Hi God, it’s me – Tova
Tova Levine is Co-Director of Education for HAHET (Hale Adult Hebrew Education Trust) in the UK, and a Beren-Amiel emissary alongside her husband, Rabbi Evan Levine
In April of this year, I was eight months pregnant and in a serious car accident: my car just died in the middle of the highway. I was in the middle lane and immediately put my hazard lights on. Despite attempts to restart the car, there was no hope of getting over to the shoulder. I was sitting in my car in the middle of the road waiting for someone to hit me from behind, and sure enough (after a couple of cars managed to swerve out of the way) one van did hit my car at 75 miles per hour. The airbags didn’t deploy; the back of our seven-seater was crunched like an accordion — thank Hashem there was no one else in the car! I lost consciousness.
Ever since then I’ve been contemplating the miracle, and the meaning of life — my life. Now with Rosh Hashanah and Yom Kippur just around the corner, I’m also thinking about teshuva, improvement, self-growth, and the relationship between myself and the Creator. He obviously allowed me to survive this serious crash, and I began asking: Why? Why me? Did He save me so that I can change my ways, or in order to continue on the path that I’ve chosen? What is so special about me and my mission in life?
Viktor E. Frankl writes in his book, Man’s Search for Meaning, about the uniqueness and singleness which distinguishes each individual and gives meaning to his existence. He emphasizes that “when the impossibility of replacing a person is realized, it allows the responsibility which a man has for his existence and its continuance to appear in all its magnitude” (Frankl, pp.86). We each are created for a reason, whether to fulfill a goal or to be part of a loving family. When we choose a religious lifestyle in accordance with Torah values then it becomes much more, as well. It becomes about believing in God, observance of the mitzvot, and being part of the Jewish community.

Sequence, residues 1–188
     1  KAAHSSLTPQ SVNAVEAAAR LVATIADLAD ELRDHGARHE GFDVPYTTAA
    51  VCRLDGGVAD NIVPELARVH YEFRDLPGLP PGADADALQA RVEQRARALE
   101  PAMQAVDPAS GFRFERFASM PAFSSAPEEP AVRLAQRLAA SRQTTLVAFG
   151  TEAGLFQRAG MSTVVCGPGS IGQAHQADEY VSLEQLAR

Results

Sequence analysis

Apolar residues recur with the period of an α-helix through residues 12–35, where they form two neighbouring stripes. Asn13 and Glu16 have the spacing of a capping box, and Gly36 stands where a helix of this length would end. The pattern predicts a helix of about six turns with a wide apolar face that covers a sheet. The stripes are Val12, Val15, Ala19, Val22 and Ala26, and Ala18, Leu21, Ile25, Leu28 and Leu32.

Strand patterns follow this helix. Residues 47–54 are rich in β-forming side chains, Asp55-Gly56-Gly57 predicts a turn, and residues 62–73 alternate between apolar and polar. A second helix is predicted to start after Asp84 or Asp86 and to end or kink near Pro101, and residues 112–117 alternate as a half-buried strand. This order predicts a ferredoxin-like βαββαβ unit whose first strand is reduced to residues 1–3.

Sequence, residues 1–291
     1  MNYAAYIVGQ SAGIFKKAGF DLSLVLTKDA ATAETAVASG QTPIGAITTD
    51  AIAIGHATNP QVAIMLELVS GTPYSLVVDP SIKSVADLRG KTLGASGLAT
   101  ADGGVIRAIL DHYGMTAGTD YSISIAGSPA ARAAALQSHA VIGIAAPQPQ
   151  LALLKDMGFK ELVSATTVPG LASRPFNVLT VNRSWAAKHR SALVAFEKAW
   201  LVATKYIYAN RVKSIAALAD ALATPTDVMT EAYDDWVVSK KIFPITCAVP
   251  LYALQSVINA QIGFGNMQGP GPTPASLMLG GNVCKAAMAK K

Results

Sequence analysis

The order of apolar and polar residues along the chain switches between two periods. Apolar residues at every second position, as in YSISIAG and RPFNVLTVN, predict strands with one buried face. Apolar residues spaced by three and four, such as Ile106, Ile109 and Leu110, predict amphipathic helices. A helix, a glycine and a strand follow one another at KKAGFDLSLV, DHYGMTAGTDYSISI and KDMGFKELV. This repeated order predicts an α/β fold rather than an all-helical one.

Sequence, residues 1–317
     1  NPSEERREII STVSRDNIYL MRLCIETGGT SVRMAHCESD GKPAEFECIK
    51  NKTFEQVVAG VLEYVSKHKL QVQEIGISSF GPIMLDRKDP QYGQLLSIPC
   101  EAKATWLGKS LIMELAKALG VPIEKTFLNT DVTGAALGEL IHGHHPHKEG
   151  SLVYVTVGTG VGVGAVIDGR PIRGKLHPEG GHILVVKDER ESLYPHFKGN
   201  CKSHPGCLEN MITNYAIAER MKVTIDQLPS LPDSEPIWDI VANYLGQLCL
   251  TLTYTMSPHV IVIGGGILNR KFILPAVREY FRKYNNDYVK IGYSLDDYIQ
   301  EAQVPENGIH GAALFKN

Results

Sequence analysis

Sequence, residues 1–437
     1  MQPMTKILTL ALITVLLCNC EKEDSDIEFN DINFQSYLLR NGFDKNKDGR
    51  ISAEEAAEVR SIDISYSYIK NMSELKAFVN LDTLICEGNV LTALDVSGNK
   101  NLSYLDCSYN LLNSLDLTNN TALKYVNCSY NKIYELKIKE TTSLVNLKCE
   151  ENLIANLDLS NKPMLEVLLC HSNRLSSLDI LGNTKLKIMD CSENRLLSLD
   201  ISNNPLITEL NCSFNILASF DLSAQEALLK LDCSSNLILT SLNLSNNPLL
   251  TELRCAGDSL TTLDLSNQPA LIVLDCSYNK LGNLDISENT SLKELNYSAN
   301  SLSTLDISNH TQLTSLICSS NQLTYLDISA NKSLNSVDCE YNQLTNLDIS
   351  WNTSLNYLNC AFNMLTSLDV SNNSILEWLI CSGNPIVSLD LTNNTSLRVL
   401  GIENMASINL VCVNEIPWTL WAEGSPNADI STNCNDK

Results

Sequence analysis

This is not to say that it is easy. It is not! Rabbi Abraham J. Heschel in his work, A Passion for Truth, discusses how a religious life is a perpetual struggle and tension, explaining that God initially intended to rule the world which He created with stern justice: “Realizing, however, that it would not endure, He gave precedence to divine mercy, allying it with divine justice” (Heschel, pp.133). Hashem wants us to strive for perfection, but we mere mortals need the divine attribute of mercy. Otherwise we would all cease to exist.
Yet, as Rabbi Jonathan Sacks posits – life is not only about our belief in God, but also God’s belief in us. Hashem put each one of us here and knows that we can succeed in our own special way – He believes in us! We can do it! What that “it” is might remain a mystery. We might not each know our specific calling in life yet, if ever, but one fact that we do know is that God believes in us enough to keep us here on Earth for some grand reason. Now is the time of year where it all becomes real and God comes down to us, and simultaneously, we are supposed to strive upward to Him.